This post was written by library volunteer Gail Denisoff
November 17, 2019 marks a rather grim anniversary for Schenectady. Two hundred years ago on that day was the Great Fire of 1819, one of the most destructive events in the history of the city. The fire started around 4AM in the currying shop (tannery) Isaac Haight on the corner of Water and Railroad Streets. A fierce southeast wind fueled the fire and soon the entire block was engulfed. As the wind blew throughout the day the fire raged, jumping from one street to another, eventually burning the west end of the city between State Street and the Mohawk Bridge including most of Union, Church, Washington and Front Streets. The bridge also caught fire but firefighting efforts eventually saved it.
In all, 169 buildings burned, 150 families, many poor, lost their homes, and most of the city business district was destroyed. Damages exceeded $150,000 ($2.7 million today). More details about this fire can be found in a previous post: "The Most Destructive We Have Ever Witnessed": Schenectady's Great Fire of 1819.
At the time of the fire, firefighting techniques were quite primitive in the city. Schenectady had two fire engines and both were unserviceable. Each residence was required to possess a leather fire bucket. When a fire broke out and the signal sounded, the buckets were expected to be put out by the front door and fire fighters would run down the streets collecting buckets and form a bucket brigade from nearby wells or the river. The sheer force of the Fire of 1819, the strong winds and overwhelming size of the fire made this nearly impossible and firefighters focused on saving the bridge. Neighbors and Union College students helped people to save what they could from their homes. Miraculously, no lives were lost but “many persons were much injured and bruised” according to an article in The Cabinet, a Schenectady newspaper from that time.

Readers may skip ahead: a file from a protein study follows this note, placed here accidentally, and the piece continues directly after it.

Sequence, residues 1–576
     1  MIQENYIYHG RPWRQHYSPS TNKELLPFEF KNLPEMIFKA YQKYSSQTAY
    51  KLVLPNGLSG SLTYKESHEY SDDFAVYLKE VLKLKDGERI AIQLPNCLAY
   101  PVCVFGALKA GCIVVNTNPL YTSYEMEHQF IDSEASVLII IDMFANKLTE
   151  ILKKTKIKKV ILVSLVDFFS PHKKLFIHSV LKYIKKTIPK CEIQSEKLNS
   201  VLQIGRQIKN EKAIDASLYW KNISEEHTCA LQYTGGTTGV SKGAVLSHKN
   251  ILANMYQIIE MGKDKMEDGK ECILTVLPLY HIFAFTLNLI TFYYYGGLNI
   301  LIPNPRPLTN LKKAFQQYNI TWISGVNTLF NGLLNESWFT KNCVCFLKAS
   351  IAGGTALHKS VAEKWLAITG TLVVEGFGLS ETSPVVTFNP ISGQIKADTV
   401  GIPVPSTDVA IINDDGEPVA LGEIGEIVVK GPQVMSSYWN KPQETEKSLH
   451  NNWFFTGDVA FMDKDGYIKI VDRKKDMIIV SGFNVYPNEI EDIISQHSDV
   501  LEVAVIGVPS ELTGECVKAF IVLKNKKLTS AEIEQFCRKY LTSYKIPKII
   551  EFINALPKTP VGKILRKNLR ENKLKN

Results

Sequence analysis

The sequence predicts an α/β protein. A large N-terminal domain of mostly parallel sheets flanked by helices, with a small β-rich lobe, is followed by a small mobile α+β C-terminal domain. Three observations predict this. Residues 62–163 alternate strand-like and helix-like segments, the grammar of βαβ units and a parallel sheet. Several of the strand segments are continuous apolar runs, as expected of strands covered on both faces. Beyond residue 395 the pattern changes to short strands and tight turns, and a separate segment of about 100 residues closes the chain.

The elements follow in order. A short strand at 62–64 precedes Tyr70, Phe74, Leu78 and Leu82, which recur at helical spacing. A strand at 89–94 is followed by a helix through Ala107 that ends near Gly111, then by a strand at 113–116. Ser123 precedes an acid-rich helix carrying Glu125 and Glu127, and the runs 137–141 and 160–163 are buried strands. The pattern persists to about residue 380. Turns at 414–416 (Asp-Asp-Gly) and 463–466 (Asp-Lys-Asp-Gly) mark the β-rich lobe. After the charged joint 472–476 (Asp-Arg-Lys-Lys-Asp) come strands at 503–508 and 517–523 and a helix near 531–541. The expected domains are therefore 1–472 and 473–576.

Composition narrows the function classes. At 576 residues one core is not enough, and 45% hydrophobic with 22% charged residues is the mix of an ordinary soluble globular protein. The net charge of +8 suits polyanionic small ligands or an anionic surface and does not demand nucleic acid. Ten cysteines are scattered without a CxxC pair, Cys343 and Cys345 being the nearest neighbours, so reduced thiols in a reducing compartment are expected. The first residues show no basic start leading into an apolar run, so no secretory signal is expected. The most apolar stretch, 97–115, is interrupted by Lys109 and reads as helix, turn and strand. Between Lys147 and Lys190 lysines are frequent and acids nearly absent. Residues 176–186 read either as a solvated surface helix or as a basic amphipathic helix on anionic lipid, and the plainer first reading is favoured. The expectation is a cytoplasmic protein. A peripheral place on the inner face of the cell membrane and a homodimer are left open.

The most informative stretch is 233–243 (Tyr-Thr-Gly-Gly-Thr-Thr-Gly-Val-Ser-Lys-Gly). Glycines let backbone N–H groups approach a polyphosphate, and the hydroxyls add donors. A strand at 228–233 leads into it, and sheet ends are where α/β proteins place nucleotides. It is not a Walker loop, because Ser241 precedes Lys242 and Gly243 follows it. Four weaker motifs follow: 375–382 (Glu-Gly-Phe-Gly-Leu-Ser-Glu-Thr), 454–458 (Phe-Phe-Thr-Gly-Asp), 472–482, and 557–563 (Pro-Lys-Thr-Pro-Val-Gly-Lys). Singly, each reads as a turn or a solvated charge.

The cause of the fire was unknown. For lack of a better reason, it was commonly attributed to spontaneous combustion. According to The Cabinet, building ruins and cellars continued to smolder for days after. The proprietor of the Albany Gazette visited the site and reported: “The ruins present a most melancholy and awful scene of ruin and desolation; and the personal distress of many of the sufferers is great beyond description – widows and orphan children and many others, who were in the possession of respectable property, and in the enjoyment of most of the conveniences of life, are reduced to wretchedness, to penury and want, and their forlorn situation at the present season makes an irresistible appeal to the sympathy, the benevolence, and charity of their fellow citizens.” Another observer wrote in a local guidebook that “Schenectady was desolate, stripped of its livelihood and resources. Wharves were deserted, warehouses boarded up, transportation stalled and morale evaporated.”